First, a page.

He came back to life with a sharp tingling of his whole frame as if pierced with a thousand needles. He knew he was being rubbed, and in his attempts to throw his torturers aside, he saw faintly by the light of a flickering fire that they were Chinamen, and he was lying on the floor of a rude hut. With his first movements they ceased, and, wrapping him like a mummy in warm blankets, dragged him out of the heap of loose snow with which they had been rubbing him, toward the fire that glowed upon the large adobe hearth. The stinging pain was succeeded by a warm glow; a pleasant languor, which made even thought a burden, came over him, and yet his perceptions were keenly alive to his surroundings. He heard the Chinamen mutter something and then depart, leaving him alone. But presently he was aware of another figure that had entered, and was now sitting with its back to him at a rude table, roughly extemporized from a packing-box, apparently engaged in writing. It was a small Chinaman, evidently the one he had chased! The events of the past few hours--his mission, his intentions, and every incident of the pursuit--flashed back upon him. Where was he? What was he doing here? Had Trixit escaped him?
In his exhausted state he was unable to formulate a question which even then he doubted if the Chinaman could understand. So he simply watched him lazily, and with a certain kind of fascination, until he should finish his writing and turn round. His long pigtail, which seemed ridiculously disproportionate to his size,-- the pigtail which he remembered had streamed into the air in his flight,--had partly escaped from the discovered hat under which it had been coiled. But what was singular, it was not the wiry black pigtail of his Mongolian fellows, but soft and silky, and as the firelight played upon it, it seemed of a shining chestnut brown! It was like--like--he stopped--was he dreaming again? A long sigh escaped him.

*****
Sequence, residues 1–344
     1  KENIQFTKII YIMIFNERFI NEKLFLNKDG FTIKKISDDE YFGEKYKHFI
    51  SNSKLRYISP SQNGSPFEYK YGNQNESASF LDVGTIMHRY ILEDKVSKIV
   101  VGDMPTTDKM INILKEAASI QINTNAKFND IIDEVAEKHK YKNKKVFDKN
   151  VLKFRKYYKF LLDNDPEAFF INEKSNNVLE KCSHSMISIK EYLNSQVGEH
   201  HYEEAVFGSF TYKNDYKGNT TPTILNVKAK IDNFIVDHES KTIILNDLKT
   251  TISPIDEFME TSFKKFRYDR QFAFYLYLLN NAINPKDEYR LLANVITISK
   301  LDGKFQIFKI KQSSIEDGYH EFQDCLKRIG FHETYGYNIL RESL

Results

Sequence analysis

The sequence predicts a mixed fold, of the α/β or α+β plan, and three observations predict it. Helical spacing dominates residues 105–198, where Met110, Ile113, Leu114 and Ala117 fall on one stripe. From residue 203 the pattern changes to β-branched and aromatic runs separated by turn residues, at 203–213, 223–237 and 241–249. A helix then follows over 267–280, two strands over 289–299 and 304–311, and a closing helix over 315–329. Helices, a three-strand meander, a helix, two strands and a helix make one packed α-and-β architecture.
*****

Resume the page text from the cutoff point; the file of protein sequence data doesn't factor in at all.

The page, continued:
The figure instantly turned. He started. It was Cissy Trixit! There was no mistaking that charming, sensitive face, glowing with health and excitement, albeit showing here and there the mark of the pigment with which it had been stained, now hurriedly washed off. A little of it had run into the corners of her eyelids, and enhanced the brilliancy of her eyes.
He found his tongue with an effort. "What are you doing here?" he asked with a faint voice, and a fainter attempt to smile.
"That's what I might ask about you," she said pertly, but with a slight touch of scorn; "but I guess I know as well as I do about the others. I came here to see my father," she added defiantly.
"And you are the--the--one--I chased?"
"Yes; and I'd have outrun you easily, even with your horse to help you," she said proudly, "only I turned back when you went down into that prospector's hole with your horse and his broken neck atop of you."
He groaned slightly, but more from shame than pain. The young girl took up a glass of whiskey ready on the table and brought it to him. "Take that; it will fetch you all right in a moment. Popper says no bones are broken."
Masterton waived the proffered glass. "Your father--is he here?" he asked hurriedly, recalling his mission.
"Not now; he's gone to the station--to--fetch--my clothes," she said, with a little laugh.
"To the station?" repeated Masterton, bewildered.
"Yes," she replied, "to the station. Of course you don't know the news," she added, with an air of girlish importance. "They've stopped all proceedings against him, and he's as free as you are."
Masterton tried to rise, but another groan escaped him. He was really in pain. Cissy's bright eyes softened. She knelt beside him, her soft breath fanning his hair, and lifted him gently to a sitting position.
"Oh, I've done it before," she laughed, as she read his wonder, with his gratitude, in his eyes. "The horse was already stiff, and you were nearly so, by the time I came up to you and got"--she laughed again--"the OTHER Chinaman to help me pull you out of that hole."
"I know I owe you my life," he said, his face flushing.
"It was lucky I was there," she returned naively; "perhaps lucky you were chasing me."
"I'm afraid that of the many who would run after you I should be the least lucky," he said, with an attempt to laugh that did not, however, conceal his mortification; "but I assure you that I only wished to have an interview with your father,--a BUSINESS interview, perhaps as much in his interest as my own."
The old look of audacity came back to her face. "I guess that's what they all came here for, except one, but it didn't keep them from believing and saying he was a thief behind his back. Yet they all wanted his--confidence," she added bitterly.
Masterton felt that his burning cheeks were confessing the truth of this. "You excepted one," he said hesitatingly.
"Yes--the deputy sheriff. He came to help ME."